Smithsonian Institution
Global Volcanism Network Bulletin v. 20, no. 2, February 1995

Barren Island (Andaman Islands)  New eruption on 20 December; lava
       flows reach the ocean

Barren Island
Andaman Islands, Indian Ocean, India
12.29N, 93.88E; summit elev. 305 m

A new eruption at Barren Island was first noticed by the Indian
Navy on 20 December 1994. A team composed of scientists from the
Geological Survey and Zoological Survey of India arrived at the
island early on 24 January, and an aerial survey over the volcano
was made on the 31st. As of 22 February, this mainly Strombolian
eruption was still "in its initial stage, gradually gaining

During January and February, thick clouds of pale brownish gas,
dark ash particles, and white steam from the crater area were
rising ~200 m at intervals of 30 seconds, accompanied by continuous
rumbling and intermittent "cracking" sounds. Two new vents were
active, the first within the main crater near the SW corner, and
the second ~50 m from the summit down the SW flank. The eruption is
believed to have started from the flank vent, around which a new
100-m-diameter subsidiary crater had formed.

Incandescent material (cinder and volcanic bombs) rising to heights
of 20 m could be seen from 4 km offshore. Particles ranged in size
from a few cubic centimeters to ~1 m^3, with the average size being
slightly less than 10 cm^3. Ejecta filled a valley on the S side of
the western-most 1991 lava bed. Lava flows travelled ~1.5 km from
the active vents into the sea, producing profuse steaming at the
ocean entry. The moving lava front was ~50 m wide and 6 m thick by
22 February. Megascopically the lava was basaltic andesite, similar
to that erupted during September 1991, with a high percentage of
large plagioclase phenocrysts and frequent olivine in a dark-gray
glassy groundmass.

On 9 March at around 0530 GMT astronauts on the Space Shuttle
noticed a small plume rising from Barren Island. They made a short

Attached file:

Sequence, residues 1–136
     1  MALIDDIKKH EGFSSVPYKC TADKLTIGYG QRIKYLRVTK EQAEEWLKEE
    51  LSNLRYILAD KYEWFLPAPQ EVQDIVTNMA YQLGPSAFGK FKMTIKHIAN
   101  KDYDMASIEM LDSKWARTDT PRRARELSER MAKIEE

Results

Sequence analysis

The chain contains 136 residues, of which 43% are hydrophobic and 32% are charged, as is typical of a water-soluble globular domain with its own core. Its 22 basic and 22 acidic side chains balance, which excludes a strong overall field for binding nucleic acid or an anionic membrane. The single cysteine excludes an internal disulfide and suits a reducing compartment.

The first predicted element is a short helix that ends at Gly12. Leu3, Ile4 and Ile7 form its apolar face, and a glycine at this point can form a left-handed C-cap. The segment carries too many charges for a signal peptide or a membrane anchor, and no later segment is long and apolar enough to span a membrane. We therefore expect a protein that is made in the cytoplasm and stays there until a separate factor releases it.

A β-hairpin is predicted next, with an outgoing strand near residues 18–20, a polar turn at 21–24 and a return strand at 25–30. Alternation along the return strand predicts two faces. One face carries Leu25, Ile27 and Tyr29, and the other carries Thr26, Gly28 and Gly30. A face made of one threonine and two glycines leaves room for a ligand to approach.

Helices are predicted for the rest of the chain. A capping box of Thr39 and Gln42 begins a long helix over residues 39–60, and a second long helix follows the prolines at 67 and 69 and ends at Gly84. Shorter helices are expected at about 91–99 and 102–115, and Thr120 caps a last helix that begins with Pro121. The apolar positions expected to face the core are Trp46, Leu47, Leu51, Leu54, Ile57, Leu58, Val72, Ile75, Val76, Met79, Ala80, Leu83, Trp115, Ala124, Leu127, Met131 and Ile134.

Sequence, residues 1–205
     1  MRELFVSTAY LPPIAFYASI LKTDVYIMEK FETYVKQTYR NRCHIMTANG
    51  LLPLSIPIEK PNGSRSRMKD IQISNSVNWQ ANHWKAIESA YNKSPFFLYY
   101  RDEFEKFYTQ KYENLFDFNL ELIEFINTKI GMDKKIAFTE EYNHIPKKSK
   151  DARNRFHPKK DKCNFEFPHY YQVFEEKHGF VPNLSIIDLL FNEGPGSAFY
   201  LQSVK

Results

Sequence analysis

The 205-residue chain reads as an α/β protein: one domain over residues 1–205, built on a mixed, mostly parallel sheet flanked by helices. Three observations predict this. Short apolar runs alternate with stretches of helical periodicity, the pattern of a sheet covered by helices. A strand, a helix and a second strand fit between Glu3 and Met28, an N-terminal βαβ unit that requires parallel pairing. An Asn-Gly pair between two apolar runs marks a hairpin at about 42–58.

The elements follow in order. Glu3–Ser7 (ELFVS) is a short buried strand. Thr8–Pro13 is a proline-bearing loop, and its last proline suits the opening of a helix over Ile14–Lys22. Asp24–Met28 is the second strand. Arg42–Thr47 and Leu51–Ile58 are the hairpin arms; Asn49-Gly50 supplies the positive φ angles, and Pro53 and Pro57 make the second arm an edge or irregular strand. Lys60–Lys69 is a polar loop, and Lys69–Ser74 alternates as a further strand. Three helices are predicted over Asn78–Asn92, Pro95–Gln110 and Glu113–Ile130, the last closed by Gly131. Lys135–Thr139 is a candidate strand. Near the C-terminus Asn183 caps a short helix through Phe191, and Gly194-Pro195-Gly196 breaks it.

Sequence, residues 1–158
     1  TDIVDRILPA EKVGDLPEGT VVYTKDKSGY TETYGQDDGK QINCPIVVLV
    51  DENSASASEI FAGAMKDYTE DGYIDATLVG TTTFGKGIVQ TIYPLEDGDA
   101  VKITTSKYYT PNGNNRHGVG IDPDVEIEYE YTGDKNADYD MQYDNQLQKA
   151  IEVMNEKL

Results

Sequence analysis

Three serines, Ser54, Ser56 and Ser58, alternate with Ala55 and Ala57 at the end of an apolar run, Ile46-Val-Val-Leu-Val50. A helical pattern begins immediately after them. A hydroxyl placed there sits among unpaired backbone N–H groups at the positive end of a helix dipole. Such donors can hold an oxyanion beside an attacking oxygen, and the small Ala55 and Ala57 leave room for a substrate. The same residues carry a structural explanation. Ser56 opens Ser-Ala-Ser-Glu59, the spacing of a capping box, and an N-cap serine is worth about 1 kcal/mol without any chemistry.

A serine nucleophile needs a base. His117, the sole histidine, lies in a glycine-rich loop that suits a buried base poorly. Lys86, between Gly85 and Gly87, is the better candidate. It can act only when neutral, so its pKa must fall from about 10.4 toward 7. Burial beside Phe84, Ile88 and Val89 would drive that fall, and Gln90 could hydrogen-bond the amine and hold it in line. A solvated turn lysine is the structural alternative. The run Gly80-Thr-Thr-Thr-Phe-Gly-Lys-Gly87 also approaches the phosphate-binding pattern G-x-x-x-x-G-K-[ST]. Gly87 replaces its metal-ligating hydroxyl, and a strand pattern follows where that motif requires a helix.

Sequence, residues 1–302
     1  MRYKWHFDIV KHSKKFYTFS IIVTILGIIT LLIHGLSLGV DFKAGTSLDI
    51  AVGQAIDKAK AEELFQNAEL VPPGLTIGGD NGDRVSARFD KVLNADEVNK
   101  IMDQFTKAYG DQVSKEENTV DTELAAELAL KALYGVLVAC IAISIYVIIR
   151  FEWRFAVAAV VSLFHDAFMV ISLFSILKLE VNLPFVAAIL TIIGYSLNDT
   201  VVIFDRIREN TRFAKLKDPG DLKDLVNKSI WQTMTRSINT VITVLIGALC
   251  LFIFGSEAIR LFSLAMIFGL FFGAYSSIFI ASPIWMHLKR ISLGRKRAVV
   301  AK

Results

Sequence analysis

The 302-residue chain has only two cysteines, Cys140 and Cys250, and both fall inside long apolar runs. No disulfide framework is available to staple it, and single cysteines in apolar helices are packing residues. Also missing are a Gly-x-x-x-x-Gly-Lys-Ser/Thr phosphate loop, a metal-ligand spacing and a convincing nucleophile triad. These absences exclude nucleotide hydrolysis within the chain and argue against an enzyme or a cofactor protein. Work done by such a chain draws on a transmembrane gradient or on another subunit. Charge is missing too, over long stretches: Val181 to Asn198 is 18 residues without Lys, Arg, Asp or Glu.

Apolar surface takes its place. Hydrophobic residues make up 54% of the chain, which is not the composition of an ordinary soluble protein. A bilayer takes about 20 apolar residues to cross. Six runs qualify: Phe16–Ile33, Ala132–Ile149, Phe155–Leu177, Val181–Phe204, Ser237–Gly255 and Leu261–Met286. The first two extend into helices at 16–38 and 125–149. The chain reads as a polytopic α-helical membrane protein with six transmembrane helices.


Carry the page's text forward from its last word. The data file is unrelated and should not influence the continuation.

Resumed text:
video recording (~15 seconds) showing a V-shaped plume that
extended for ~3 km before dispersing. Visible imagery from the
NOAA-14 (at 0730 GMT) and GMS (0430-0830 GMT) satellites failed to
reveal a volcanic plume. A photograph taken from the Shuttle on 14
March at 0749 GMT again showed a small plume blowing W towards the
Andaman Islands (figure 1). As this issue went to press, an
aviation notice to airmen (NOTAM) on 27 March stated that the
intensity of the eruption was unpredictable and advised all
aircraft to avoid overflying the area.

Located ~135 km NE of Port Blair (South Andaman Island), Barren
Island contains a 1.6-km-wide somma open to the W with a central
pyroclastic cone that was the source of historical eruptions
reported in 1787, 1789, 1795, 1803-04, possibly 1852, and 1991.
Lava flows from the 1803 and 1991 eruptions reached the coast. The
1991 eruption began in late April with hot gases and strong ash
emissions and ended in late October (Bulletin v. 16, nos. 5, 8, 10,
12, and v. 17, nos. 1 & 5). Initial activity was from a vent on the
upper NE flank of the central cone, but expanded to include the
main crater. Basaltic andesite lava flows covered an area of about
1,600 m^2 to an average thickness of 5-6 m. Gas emissions were
observed from lava flows near the NW coast in April 1993 (Bulletin
v. 18, no. 9).

Information Contacts: Director General, Geological Survey of India,
27 Jawaharlal Nehru Road, Calcutta -700016, India; Cindy Evans,
Space Shuttle Earth Observations Office, Mail Code C102, Lockheed
Engineering & Sciences, P.O. Box 58561, Houston, TX 77258 USA
(Email:; Jim Lynch, NOAA/NESDIS Synoptic
Analysis Branch, Room 401, 5200 Auth Road, Camp Springs, MD 20746

Figure 1. Oblique photograph of the Barren Island eruption plume
taken from the Space Shuttle, 14 March 1995 at 0749 GMT, looking
NW. Ash plume is blowing generally W towards the Andaman Islands.
NASA photograph STS 067-721A-052. Courtesy of Cindy Evans.